Most congregations view disagreement as a something be avoided, either by excluding those who disagree or by denying that it exists or matters. Yet as we understand it, disagreement can be not just healthy but holy. We find that when all of us strive to speak and to listen in love to what is at the heart of the matter for each of us (rather than to defend our positions), we are often pleasantly surprised to discover solutions that transcend our various positions and achieve what is at the heart of that matter for everyone. Our vestry officially abides by Robert’s Rules, but we call our votes to confirm our discernment rather than achieve a decision. Remembering that everyone present has something to contribute and that no one present has complete understanding, when someone raises an objection, we listen for how God is trying to expand our understanding through our disagreement. The results: Most often the many broaden their approach to include the concerns of the one. Sometimes the one is convinced by a deeper understanding of the many. And every so often (I get excited when this happens), the many are convinced by a deeper understanding of the one.
Organization and Leadership Based on Gifts and Calling
Because we view the vestry as the body of Christ in miniature, we try to operate more like an organism than an organization. Just as we do in the congregation as a whole, we view each person’s gifts and calling as God’s guidance regarding their appropriate role within the vestry. People aren’t required to “put in their time” before serving on our vestry. Nor are there hoops to jump once on the vestry before serving in certain positions. Our current Senior Warden was elected to the vestry less than a year after joining the parish and was elected by the vestry to the senior warden position soon after that, simply because it became clear to all that he was best suited for the role. Another important part of our vestry organization is paired ministry oversight. In addition to our senior and junior wardens, we have ten members who are responsible for serving as liaisons to each of our five ministry areas. So we “send them by twos.” Our goal is that every leader has a partner/understudy/co-conspirator for Christ – to support, coordinate, encourage, hold accountable. Nobody works alone.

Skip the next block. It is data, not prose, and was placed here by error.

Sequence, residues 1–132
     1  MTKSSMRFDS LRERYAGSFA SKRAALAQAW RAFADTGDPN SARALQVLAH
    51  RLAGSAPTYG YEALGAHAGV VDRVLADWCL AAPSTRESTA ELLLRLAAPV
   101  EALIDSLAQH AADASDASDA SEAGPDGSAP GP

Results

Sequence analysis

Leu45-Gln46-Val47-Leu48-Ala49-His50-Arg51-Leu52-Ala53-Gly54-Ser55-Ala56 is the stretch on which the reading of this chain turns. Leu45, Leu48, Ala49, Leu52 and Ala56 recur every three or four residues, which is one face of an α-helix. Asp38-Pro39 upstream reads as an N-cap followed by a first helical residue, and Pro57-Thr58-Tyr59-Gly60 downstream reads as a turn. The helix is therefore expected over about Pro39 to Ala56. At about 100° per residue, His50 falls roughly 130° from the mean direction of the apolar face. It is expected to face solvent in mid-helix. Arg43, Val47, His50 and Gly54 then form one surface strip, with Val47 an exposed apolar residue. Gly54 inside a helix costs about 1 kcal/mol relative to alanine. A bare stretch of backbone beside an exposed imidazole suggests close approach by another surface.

I hope I have not given you the idea that we have achieved some kind of perfection, either as a vestry or as a congregation. On the contrary, we make as many mistakes as any other congregation or vestry, if not more. In fact, our willingness to try and to fail and to learn from our failures and try again is a big reason why our work together is as productive as it is… And an even bigger reason why, after 16 years, I still look forward to our vestry meetings.
Ken Howard is the rector of St. Nicholas Episcopal Church, a young, growing, diverse congregation in Germantown, Maryland, near Washington, DC. He is the author of the book Paradoxy: Creating Christian Community Beyond Us and Them which describes the emergent, incarnational approach to Christian community which developed at St. Nicholas Church. He is also the director of The Paradoxy Center for Christian Community at St. Nicholas Church (PracticingParadoxy.com), dedicated to the exploring practice of Incarnational Christianity, and extending it through resource development, coaching, consultation, and training with congregations, dioceses, and national church groups.
- Paradoxy: Creating Christian Community Beyond Us and Them: click here for 2-chapter excerpt
- Practicing Paradoxy website
- St. Nicholas Episcopal Church website
- Study guide for the practice of Incarnational ministry